Consequently by the time debridement surgery is finally performed, the patient will have extensive necrosis and will be critically unwell. This would have been avoided with earlier exploratory surgery, as the debridement would have occurred there and then.

Why was exploratory surgery not performed?

If you or your loved one presented with the symptoms of necrotising fasciitis but doctors did not carry out exploratory surgery, there may have been a substandard level of care.

Medical practitioners should be concerned about a patient who presents with severe tissue pain which has no obvious cause. A blood test will reveal whether there is an infection inside the body, as there will be a raised number of white blood cells and raised levels of C-Reactive Protein.

These clinical indicators should raise concerns even further, leading to a suspected diagnosis of soft tissue infection. A soft tissue infection should be investigated with exploratory surgery, which should then result in debridement surgery. If there is a failure to achieve this standard of care, there may be a breach of duty on the part of the medical practitioners.

If a patient is harmed because of this substandard level of medical care, there could be grounds for a medical compensation claim.

How do I find out if I can claim compensation?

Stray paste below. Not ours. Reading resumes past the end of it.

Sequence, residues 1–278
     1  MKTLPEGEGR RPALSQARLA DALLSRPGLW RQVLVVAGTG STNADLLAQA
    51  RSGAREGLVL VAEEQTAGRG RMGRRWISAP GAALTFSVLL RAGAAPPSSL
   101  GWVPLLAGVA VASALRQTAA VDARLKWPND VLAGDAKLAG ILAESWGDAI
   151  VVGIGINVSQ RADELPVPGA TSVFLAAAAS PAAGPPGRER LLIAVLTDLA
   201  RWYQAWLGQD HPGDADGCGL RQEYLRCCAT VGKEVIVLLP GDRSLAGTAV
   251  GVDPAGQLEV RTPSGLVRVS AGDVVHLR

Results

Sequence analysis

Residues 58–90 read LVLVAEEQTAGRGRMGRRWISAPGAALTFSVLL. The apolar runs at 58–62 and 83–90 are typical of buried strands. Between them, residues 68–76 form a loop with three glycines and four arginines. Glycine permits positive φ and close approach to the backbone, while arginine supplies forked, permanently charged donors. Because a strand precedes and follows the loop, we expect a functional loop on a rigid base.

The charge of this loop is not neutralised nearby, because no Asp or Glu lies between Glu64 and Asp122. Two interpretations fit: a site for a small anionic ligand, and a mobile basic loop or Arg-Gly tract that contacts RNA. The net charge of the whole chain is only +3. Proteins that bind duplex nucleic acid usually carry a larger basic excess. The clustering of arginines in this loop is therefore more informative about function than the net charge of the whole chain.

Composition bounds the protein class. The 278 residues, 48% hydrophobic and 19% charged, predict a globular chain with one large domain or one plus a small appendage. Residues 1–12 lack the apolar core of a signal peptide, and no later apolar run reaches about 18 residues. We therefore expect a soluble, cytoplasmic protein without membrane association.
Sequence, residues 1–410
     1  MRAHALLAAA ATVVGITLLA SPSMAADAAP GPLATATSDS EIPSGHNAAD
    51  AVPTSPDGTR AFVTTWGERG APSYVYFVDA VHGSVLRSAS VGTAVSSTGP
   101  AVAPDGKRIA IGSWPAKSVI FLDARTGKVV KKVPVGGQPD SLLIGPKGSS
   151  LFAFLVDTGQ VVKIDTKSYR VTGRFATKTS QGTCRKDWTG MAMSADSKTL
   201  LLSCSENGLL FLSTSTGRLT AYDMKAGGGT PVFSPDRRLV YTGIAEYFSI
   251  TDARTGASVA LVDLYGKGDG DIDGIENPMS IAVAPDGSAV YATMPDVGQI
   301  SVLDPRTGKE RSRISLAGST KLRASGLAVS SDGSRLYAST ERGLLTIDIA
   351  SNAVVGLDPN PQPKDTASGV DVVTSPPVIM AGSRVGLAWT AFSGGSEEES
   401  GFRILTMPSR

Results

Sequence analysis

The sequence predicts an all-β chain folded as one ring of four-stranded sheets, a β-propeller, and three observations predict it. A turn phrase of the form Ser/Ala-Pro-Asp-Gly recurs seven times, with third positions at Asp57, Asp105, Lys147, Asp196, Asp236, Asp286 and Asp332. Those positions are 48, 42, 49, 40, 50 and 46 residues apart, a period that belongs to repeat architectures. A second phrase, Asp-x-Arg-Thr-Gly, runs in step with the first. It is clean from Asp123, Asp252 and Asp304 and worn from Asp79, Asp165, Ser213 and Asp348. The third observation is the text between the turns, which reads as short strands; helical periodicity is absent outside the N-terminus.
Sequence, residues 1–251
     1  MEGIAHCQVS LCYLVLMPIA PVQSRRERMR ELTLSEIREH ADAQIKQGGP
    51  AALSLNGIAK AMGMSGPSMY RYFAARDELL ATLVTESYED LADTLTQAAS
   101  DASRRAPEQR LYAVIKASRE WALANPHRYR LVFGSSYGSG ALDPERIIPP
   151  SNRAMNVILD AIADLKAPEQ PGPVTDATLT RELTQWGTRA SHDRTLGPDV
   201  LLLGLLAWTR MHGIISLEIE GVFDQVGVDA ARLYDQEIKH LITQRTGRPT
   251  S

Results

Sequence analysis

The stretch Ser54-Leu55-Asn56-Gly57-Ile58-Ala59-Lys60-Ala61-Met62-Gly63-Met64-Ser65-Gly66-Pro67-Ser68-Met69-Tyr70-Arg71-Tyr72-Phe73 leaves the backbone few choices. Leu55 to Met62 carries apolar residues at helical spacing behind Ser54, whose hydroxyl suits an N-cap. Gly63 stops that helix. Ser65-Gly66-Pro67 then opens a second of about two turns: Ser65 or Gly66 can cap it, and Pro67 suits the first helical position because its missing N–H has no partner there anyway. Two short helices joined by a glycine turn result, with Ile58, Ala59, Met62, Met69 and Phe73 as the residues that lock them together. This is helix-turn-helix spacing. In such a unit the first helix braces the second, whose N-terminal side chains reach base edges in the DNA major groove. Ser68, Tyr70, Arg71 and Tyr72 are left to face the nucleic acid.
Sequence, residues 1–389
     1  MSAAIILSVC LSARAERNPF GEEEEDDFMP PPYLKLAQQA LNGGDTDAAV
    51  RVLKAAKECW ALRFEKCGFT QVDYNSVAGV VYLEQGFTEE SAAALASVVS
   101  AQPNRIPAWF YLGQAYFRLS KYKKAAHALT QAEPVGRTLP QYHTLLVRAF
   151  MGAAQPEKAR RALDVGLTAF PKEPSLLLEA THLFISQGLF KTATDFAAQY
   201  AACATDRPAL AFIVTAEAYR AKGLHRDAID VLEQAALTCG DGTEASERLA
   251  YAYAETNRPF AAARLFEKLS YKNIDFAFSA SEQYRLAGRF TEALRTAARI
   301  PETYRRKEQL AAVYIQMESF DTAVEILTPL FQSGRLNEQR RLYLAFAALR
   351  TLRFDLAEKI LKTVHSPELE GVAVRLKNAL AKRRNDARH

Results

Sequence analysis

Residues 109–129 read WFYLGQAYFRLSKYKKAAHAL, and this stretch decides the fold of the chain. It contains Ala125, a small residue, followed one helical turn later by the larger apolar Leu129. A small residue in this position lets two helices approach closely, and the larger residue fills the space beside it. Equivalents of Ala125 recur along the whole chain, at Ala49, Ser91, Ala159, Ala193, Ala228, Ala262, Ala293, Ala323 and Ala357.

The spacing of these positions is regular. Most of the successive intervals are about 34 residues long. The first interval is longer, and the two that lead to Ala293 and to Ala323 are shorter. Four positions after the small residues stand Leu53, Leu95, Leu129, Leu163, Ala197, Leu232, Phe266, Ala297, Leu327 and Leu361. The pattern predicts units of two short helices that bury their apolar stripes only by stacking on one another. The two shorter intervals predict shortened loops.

To find out if you can claim compensation for necrotising fasciitis, you need to speak to a solicitor who works in medical negligence also called clinical negligence in England and Wales.

The first step is to speak to a solicitor over the telephone, during which you will need to explain what has happened to you and the injuries you have been left with. If the claim relates to your loved one, you can provide this information on their behalf. At Glynns Solicitors we offer everyone a free initial consultation, so this discussion will not cost you anything.

Our solicitors will then consider your case and advise you of your options. If we believe there is a case of medical negligence, we will run the claim on your behalf, working to get the compensation you are legally entitled to. If the claim relates to a loved one who has passed away, you will be awarded compensation on behalf of their estate.

Funding a case

If you are told that you do have grounds to pursue a medical compensation claim, you will want to know how much a claim will cost. There are various funding options available, the most popular of which is a Conditional Fee Agreement (CFA), also known as a 'no win no fee' agreement. This ensures that you do not pay anything unless you win your claim.

We will take you through the different options before starting your claim. If you do not want to continue at that point, you do not have to.

Contact us today

To make a necrotising fasciitis medical negligence compensation claim enquiry, please get in touch with us today.

Please call us free on 0800 234 3300 (or from a mobile 01275 334030) or complete our Online Enquiry Form.